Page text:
A Bird Story is Kan Gao’s (#FreebirdGames) follow-up to #TotheMoon, a quietly emotional and surprisingly deep game about life and love that’s been well-received since its release three years ago. Now, with A Bird Story launching on Friday, Gao is proud of his #newgame, but he feels the need to warn players that it may not be what they expect. It’s simpler, he says.
“The one thing that I’d like to be clear about is that I’m certainly not unsure about the game – to me, it’s perhaps the one thing I’ve made that I’d choose if someone were to ask me to,” Gao says in an email. “That being said, I don’t expect everyone to share that sentiment (it doesn’t have a more intricate story like To the Moon, for example), and I think some folks (naturally) have a certain expectation about what the next game is going to be like – I think that’s what I’m worried about. I really think it’s the kind of game that’s best enjoyed with a blank slate.”
A Bird Story is a short bridge between To the Moon‘s first and second episodes, the latter of which has yet to be released. The series deals in time travel and the final wishes of people on their deathbeds: The main episodes feature two scientists as they enter a dying man’s memories to alter events and make his final wish come true, at least in his mind. A Bird Story stars a boy who grows up to be the dying man in episode two.
In a video posted yesterday, Gao says multiple times that A Bird Story is different than To the Moon – for starters, it has absolutely no dialogue. Similarly, Gao hasn’t been very vocal about developing A Bird Story, providing minimum updates and releasing just one trailer back in August.
“I don’t really know why I’ve been so quiet about it – perhaps that fact that not a word is said in the game itself affected that?” he wonders. “And I suppose I just didn’t feel like this was the kind of game that, as its dev, I’d want to shout about. If games had personalities, A Bird Story would be a big introvert.”
It’s clear that Gao has an emotional connection with A Bird Story, though so close to release, he seems haunted by a fear of letting his fans down. He’s not an anonymous independent developer launching his first game anymore. He has a reputation to uphold – quality storytelling that had many players in tears by the end of To the Moon – along with the ever-present task of creating a good game.
“It’s kind of scary, to be honest,” Gao says in his video. “About the expectations of things. In some ways it’s very flattering – folks connected well with To the Moon and they sometimes sent me vials of their delicious tears.” He takes a drink of players’ “tears” and continues, “Salty. Most folks, they do know that – they do understand this. So I guess I’m just kind of worried so I’m reiterating it, that my goal, of course, is not to make people cry. That would be silly. My goal is to try to make something meaningful. In a very selfish way, to be honest – something meaningful to me. But hopefully one that other folks will relate to and connect to as well.”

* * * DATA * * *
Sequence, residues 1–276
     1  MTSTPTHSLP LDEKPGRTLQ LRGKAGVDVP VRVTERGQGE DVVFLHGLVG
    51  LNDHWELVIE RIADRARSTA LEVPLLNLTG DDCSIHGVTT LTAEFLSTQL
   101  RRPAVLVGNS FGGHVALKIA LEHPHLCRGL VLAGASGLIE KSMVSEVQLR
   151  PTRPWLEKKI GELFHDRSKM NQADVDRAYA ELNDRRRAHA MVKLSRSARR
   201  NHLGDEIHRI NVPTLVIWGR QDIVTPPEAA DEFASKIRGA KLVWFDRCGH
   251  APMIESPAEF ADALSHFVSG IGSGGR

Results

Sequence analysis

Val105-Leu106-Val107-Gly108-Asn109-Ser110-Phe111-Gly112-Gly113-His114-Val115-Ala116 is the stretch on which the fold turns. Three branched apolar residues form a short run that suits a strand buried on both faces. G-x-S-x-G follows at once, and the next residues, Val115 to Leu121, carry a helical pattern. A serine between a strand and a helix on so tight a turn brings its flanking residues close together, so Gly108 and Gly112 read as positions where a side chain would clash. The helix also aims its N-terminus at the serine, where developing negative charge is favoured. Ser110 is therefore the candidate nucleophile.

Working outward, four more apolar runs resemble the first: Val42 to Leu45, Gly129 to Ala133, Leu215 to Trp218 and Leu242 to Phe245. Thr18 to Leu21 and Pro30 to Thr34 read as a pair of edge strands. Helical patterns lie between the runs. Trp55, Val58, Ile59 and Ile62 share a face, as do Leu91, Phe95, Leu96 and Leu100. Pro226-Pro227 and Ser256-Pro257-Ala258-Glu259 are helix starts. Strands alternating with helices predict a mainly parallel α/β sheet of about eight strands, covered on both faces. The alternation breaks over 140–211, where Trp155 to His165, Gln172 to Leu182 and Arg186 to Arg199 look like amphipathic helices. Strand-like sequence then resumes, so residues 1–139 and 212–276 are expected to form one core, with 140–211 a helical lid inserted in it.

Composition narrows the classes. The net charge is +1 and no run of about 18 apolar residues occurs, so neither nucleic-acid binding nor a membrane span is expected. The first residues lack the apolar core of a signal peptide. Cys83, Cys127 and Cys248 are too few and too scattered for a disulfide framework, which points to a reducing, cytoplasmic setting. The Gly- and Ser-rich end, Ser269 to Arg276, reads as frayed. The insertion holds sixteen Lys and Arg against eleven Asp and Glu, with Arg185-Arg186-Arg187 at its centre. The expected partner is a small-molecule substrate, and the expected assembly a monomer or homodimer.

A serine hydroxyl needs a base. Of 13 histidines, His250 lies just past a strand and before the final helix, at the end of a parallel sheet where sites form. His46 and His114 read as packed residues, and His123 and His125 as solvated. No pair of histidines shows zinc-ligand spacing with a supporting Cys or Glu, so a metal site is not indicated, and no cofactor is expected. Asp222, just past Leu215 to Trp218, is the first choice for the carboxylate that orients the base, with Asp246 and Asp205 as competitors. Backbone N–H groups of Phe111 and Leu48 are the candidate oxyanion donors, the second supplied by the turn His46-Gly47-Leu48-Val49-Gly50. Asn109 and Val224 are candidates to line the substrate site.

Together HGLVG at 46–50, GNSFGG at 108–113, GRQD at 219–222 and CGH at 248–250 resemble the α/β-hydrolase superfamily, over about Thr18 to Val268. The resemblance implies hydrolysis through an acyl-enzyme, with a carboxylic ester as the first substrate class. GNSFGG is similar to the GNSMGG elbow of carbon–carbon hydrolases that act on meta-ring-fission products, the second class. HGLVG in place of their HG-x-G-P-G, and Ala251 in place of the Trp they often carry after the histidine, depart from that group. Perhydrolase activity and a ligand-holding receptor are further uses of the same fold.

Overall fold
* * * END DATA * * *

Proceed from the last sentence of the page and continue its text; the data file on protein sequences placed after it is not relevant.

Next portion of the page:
The video also introduces a new email address where players can send critiques of To the Moon and other games that his studio, Freebird Games, releases (workonthis [at] freebirdgames [dot] com). The next episode of To the Moon will return to the two-doctor, one-patient, dying-wish format fans know, and Gao says he wants to open a channel of communication where players can critique his games without the noise of other people’s opinions.
“There certainly are still many very helpful and constructive feedback [methods], but it’s also very easy to post in reactive ways when others are involved – I think we tend to try to counteract forces that oppose us, for example, and that could often affect the things and the way things are said,” he says. “While there are merits to a space for discussion (I certainly don’t mean for this to take place of that), I think there’s also merit in having just one’s opinion sent without the effect of others or the potential fear of retaliation involved. Plus, this makes it easier for me, rather than to try and search for those types of feedback.”
Gao knows he doesn’t get to control how people feel while playing his games – once a game is in the wild, it belongs to the people playing it, and they will react according to the whims of their own personalities, upbringings, current moods and a million other factors. Still, Gao does have one hope for players of A Bird Story “Like with most things I make, I think a sense of connection with the character is the most I could ask for.”
A Bird Story is due out on Friday, November 7, for Linux, Mac and Windows.
Reblogged from: joystiq